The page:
SAN ANTONIO -- Rob Ryan is annoyed by the insinuation that, the other day, he was running his mouth at the revamped Philadelphia Eagles.
To the new Cowboys defensive coordinator, his words went much deeper than that.
But if you read between the lines of what Ryan's saying, the message wasn't intended for the Eagles. It was shot directly to his own players, and sent in much the same way a certain sibling of his might have delivered it in New York.
|Rob Ryan is entering his first season as the defensive coordinator of the Cowboys after serving in the same role with the Browns the past two years. (Darren Abate/Associated Press)|
That's why, when asked about the reaction within the organization to his comments, Ryan said Wednesday, "I don't even know, I never even saw it." And it's also why he bristled when asked about the comments being used to instill a swagger.
"You can't talk noise if you don't have the players to back it up," Ryan said, entering the tunnel at the Alamodome. "We always walk the walk. Anybody that knows a Ryan knows they walk the walk. We don't talk the talk, we walk it. Our guys are gonna be good, and we know it. So that ain't talkin'. That's just the (bleepin') way it is."
Blunt? Sure. But the defense could use some of that.
Last year, Dallas finished 23rd in total defense, despite having high-priced and/or highly-drafted talent at most positions. The Cowboys yielded 27.2 points per game, second worst in the league, and 6.4 points more per game than what Ryan got out of a less talented group in Cleveland.
The bottom line is that what Ryan's selling, a sea change from the demeanor of Wade Phillips -- who was actually once Buddy Ryan's defensive coordinator in, yup, Philly -- is exactly what the Cowboys were looking to buy when they hired him.
So straight-laced and conservative as Ryan's new boss, Jason Garrett, is, there's no way he could've been shocked by what his defensive coordinator said earlier in the week. Others in the organization certainly weren't.
"I laughed. I thought it was in good fun. It was competitive, and that doesn't bother me a bit," said Cowboys COO Stephen Jones. "That's part of what you get, when you get Rob. He's got that type of personality. First of all, he's a brilliant football guy, but he's also very competitive, he's gregarious and that's good. That's what you're going to get, and it's what we wanted."
But, of course, it's only part of the package with Ryan. He served under Bill Belichick for four years as a linebackers coach, helping run the defense with Eric Mangini in 2000 before Romeo Crennel arrived with the Patriots. Ryan's been a coordinator the past seven years, five in Oakland and the last two in Cleveland.
His dad, Buddy, is considered one of the great defensive minds of the past few decades, and Rob has two Super Bowl rings himself.
So Rob is a guy with football chops.
"You already know his swag, his personality, but once you see the schemes and what he's trying to get done, guys playing different roles, it makes it really fun," said Cowboys Pro Bowl nose tackle Jay Ratliff. "You'll never know where we're coming from."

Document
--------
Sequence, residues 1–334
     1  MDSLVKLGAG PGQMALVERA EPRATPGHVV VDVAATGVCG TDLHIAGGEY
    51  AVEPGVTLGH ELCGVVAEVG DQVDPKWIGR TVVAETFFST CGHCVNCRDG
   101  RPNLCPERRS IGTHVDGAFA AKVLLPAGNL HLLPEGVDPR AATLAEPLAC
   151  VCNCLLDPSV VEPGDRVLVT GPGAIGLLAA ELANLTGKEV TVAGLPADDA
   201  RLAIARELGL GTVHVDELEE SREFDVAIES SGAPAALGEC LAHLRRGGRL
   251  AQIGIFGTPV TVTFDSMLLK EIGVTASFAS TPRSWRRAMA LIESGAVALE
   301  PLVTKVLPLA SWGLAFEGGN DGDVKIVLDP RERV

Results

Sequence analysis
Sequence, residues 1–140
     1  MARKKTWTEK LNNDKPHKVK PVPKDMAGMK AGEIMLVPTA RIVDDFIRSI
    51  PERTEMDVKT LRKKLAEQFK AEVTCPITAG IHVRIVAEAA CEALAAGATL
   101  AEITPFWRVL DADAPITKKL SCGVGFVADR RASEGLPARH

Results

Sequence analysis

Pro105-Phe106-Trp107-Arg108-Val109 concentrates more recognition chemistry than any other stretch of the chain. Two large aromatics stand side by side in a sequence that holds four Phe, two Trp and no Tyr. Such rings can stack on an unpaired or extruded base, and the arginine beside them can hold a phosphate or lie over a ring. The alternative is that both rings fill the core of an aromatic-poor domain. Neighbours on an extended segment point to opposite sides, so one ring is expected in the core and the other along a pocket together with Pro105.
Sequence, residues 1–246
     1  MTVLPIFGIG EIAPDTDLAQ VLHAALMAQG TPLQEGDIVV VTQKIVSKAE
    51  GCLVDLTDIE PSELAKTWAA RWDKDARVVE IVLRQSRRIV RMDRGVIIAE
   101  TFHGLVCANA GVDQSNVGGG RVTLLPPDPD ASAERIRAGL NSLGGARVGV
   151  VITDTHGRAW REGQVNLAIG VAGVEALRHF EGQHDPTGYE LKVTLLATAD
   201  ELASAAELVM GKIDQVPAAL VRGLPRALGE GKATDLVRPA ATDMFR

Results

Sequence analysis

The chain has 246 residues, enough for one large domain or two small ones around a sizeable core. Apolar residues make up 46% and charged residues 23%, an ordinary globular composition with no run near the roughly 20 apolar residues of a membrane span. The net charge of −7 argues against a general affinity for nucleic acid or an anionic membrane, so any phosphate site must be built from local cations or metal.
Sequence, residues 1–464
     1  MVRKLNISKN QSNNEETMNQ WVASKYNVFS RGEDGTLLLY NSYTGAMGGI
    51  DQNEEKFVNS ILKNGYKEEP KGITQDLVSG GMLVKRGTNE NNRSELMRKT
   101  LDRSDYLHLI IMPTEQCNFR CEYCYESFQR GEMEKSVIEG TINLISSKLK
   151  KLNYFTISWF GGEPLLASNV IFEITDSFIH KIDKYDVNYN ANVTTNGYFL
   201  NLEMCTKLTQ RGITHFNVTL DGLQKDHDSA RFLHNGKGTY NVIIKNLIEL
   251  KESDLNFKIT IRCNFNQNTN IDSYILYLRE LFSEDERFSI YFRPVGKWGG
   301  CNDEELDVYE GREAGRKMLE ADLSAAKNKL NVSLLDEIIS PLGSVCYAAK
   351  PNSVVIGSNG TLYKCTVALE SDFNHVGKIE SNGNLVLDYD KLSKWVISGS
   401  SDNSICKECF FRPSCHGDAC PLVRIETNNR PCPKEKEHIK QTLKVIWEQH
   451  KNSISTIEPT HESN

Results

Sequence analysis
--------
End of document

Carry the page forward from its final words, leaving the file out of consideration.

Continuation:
But it's always going to be his delivery of the message that gets the attention. There's no gray area. Whatsoever.
"One funny thing he said when he first got here -- 'You look at me, and you have an opinion of me.' But I have one of you, too," Ratliff continued, now cracking a smile. "That's the type of guy he is. He's just down-to-earth, approachable, and guys are eager to play for him. He's just an honest, straight-forward coach. You know exactly what you're getting. What else can you ask for?"
Even with the endorsement, there are plenty of challenges ahead for Ryan.
For one, he's dealing with the same challenge as every new coordinator -- compressing what normally would be a six-month offseason into six weeks. For another, he's charged with lighting a fire under players like Anthony Spencer and Mike Jenkins, who broke out in 2009 only to regress badly in 2010.
On the flip side, there is front line talent in players like Ratliff and DeMarcus Ware.
"I think we've got a lot of talent here, but in the NFL, you're gonna have a lot of talent," said Ryan. "There's special players. Like this DeMarcus Ware, he's something I've never seen on a football field, so he's that special. But the Cleveland group was smart and tough, and our second year there I thought we really showed that."
The message there, again, appears to be to his own guys. Simply, he seems to be saying, you've got talent, but you've got to be smart and tough, too, things the Cowboys weren't on defense for much of the 2010 season.
"I've always believed that if you put a suit on and you look good, you feel good," said Ryan's staff mate and Dallas secondary coach Dave Campo. "And it's kind of the same mentality. If you are expected to do something, you usually react that way. If you don't have those expectations, if you don't have a goal of getting anywhere, you won't know how to get there. You gotta have a goal, and you gotta get the roadmap, and hopefully that's what he brings to the table."
Clearly, Ryan expects plenty of his defensive players, much more than what they produced last year.
And if the Eagles don't like it, Ryan would tell you, then that's not his problem.
Follow Albert Breer on Twitter @AlbertBreer